• Limit carbohydrates at each meal to 60: this is regularly done. There have been a few meals where the carb total was a bit above that, but on average, Goal: achieved.
  • Limit carbohydrates of snacks at 30: when I do have snacks, I try to keep them low-sugar (and therefore low carbs). Fruits, nuts, beef jerky, grapes, apples. Even though some fruits are a bit higher than my self-imposed limit, the extra fiber in them helps reduce the sugar/insulin hit. Some snacks, like beef jerky, are full of protein (to help with the ‘full’ feeling), but have only very small amounts of fat. Goal: achieved.
  • Reducing portion sizes: this one can be harder, but overall I try to keep within the ‘serving size’ as shown on the packages. And I am slowly moving away from my long-standing practice of filling up the plate and then eating everything on the plate.Goal: achieved.
  • Increasing fiber (fruits and veggies): I try to have snacks and meals with fruits and veggies. That has increased the fiber, which I have noticed helps out when I visit the ‘library’. Goal: achieved.
  • Increase physical exercise: I now take a 1/2 mile walk, usually twice a day. My average pace is 2.2 mph, and there are some small elevation changes (about 80 feet total). So by the end of the walk, my heart rate is a bit elevated, as is by breathing. That seems to me as a good result.Goal: achieved.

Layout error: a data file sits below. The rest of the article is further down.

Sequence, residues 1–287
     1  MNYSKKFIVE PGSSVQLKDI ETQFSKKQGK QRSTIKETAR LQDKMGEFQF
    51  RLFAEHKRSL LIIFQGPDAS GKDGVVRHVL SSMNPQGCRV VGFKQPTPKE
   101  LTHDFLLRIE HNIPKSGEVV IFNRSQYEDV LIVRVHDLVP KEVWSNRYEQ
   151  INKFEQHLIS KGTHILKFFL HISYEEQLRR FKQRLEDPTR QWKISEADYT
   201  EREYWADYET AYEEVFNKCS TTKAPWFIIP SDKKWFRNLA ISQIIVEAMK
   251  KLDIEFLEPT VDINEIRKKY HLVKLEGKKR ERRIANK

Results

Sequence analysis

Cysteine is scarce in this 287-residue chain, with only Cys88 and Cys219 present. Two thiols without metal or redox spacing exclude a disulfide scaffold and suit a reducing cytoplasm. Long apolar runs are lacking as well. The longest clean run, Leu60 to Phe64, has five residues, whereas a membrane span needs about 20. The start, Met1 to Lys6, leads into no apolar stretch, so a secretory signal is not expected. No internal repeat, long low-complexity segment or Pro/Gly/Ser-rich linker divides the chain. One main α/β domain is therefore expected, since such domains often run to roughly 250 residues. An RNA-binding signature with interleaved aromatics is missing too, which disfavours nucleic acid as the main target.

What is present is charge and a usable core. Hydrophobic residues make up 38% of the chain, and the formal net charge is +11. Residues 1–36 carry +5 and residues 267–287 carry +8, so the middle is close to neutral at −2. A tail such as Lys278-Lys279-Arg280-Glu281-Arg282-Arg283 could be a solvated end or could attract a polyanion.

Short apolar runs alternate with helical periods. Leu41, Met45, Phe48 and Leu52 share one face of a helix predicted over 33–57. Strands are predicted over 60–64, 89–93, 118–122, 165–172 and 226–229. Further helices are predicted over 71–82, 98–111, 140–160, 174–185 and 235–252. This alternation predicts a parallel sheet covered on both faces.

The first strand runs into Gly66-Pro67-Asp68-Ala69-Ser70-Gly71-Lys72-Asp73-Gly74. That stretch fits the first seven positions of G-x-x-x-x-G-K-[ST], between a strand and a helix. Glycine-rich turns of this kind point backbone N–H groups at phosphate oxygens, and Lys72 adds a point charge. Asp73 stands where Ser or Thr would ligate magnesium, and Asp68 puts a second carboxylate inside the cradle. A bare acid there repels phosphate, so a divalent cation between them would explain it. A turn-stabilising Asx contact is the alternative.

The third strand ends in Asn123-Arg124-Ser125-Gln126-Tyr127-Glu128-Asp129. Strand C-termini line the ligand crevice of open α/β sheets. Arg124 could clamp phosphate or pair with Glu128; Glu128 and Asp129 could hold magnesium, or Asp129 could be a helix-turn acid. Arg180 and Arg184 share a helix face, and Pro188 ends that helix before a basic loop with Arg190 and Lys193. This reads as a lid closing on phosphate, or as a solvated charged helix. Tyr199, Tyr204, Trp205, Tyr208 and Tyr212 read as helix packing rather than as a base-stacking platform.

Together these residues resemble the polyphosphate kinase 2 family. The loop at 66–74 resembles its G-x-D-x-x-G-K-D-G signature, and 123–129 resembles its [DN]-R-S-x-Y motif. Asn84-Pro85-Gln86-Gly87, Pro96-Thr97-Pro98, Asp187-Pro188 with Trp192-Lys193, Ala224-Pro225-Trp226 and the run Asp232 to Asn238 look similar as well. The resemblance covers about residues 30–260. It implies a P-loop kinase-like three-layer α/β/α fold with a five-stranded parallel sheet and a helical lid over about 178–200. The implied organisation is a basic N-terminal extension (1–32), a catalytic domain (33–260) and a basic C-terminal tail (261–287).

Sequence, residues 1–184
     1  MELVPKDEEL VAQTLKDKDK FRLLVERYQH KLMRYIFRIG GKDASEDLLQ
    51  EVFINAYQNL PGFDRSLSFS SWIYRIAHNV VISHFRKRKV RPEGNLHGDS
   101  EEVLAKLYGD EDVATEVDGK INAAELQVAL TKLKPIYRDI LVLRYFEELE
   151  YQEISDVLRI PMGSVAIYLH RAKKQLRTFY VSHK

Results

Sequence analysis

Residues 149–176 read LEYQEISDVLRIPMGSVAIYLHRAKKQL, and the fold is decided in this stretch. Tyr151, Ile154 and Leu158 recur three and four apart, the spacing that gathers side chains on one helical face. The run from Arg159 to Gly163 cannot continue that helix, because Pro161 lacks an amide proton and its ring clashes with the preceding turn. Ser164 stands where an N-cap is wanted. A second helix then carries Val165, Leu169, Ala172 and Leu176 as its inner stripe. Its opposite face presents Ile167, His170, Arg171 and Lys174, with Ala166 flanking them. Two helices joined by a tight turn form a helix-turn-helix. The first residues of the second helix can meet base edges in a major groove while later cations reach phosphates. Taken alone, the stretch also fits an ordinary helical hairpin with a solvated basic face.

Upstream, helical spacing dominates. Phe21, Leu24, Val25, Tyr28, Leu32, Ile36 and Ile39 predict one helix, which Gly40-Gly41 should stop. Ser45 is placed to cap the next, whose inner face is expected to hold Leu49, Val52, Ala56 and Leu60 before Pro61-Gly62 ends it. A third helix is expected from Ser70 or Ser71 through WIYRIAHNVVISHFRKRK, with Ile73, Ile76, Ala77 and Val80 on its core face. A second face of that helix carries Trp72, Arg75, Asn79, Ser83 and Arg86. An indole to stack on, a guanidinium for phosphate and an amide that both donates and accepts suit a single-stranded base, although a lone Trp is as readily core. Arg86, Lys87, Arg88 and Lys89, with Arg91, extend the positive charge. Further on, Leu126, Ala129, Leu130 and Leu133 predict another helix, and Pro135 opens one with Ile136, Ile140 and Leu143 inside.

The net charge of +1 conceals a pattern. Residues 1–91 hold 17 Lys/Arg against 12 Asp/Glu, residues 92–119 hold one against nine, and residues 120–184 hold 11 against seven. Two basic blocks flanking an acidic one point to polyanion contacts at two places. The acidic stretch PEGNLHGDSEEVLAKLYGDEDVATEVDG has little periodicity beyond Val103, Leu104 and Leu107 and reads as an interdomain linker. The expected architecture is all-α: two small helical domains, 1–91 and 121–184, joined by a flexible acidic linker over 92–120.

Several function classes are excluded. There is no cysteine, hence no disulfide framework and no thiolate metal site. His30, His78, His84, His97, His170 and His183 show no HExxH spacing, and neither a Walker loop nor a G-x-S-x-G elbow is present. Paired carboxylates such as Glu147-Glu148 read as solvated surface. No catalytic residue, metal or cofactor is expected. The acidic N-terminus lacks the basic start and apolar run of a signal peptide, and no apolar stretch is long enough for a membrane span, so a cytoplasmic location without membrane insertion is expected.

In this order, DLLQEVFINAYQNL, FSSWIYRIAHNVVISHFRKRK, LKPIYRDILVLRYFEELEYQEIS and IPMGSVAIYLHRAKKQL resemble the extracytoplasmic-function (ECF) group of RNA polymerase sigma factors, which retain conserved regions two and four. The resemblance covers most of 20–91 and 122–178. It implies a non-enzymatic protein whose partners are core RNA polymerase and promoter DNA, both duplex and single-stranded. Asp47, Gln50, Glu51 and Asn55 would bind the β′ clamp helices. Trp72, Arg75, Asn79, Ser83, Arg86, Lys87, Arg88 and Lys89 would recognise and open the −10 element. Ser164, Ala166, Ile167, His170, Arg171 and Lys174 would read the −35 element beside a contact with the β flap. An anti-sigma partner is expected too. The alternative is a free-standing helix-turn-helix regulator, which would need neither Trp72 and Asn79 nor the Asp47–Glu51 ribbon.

• Start taking metfornim (it makes sugar processing a bit more efficient, among other things): Done. Goal: achieved.
  • Start monitoring my blood glucose level: I measure every morning before breakfast, and usually once in the afternoon. I took a printout of my readings (I enter them into an app called “Glucose Buddy”, which lets you email your entries) to the doctor on the followup (one-month) visit after the initial diagnosis. He was quite pleased with the numbers (they are in the range of 110 to 170), and said to continue everything I am doing so far. Goal: achieved.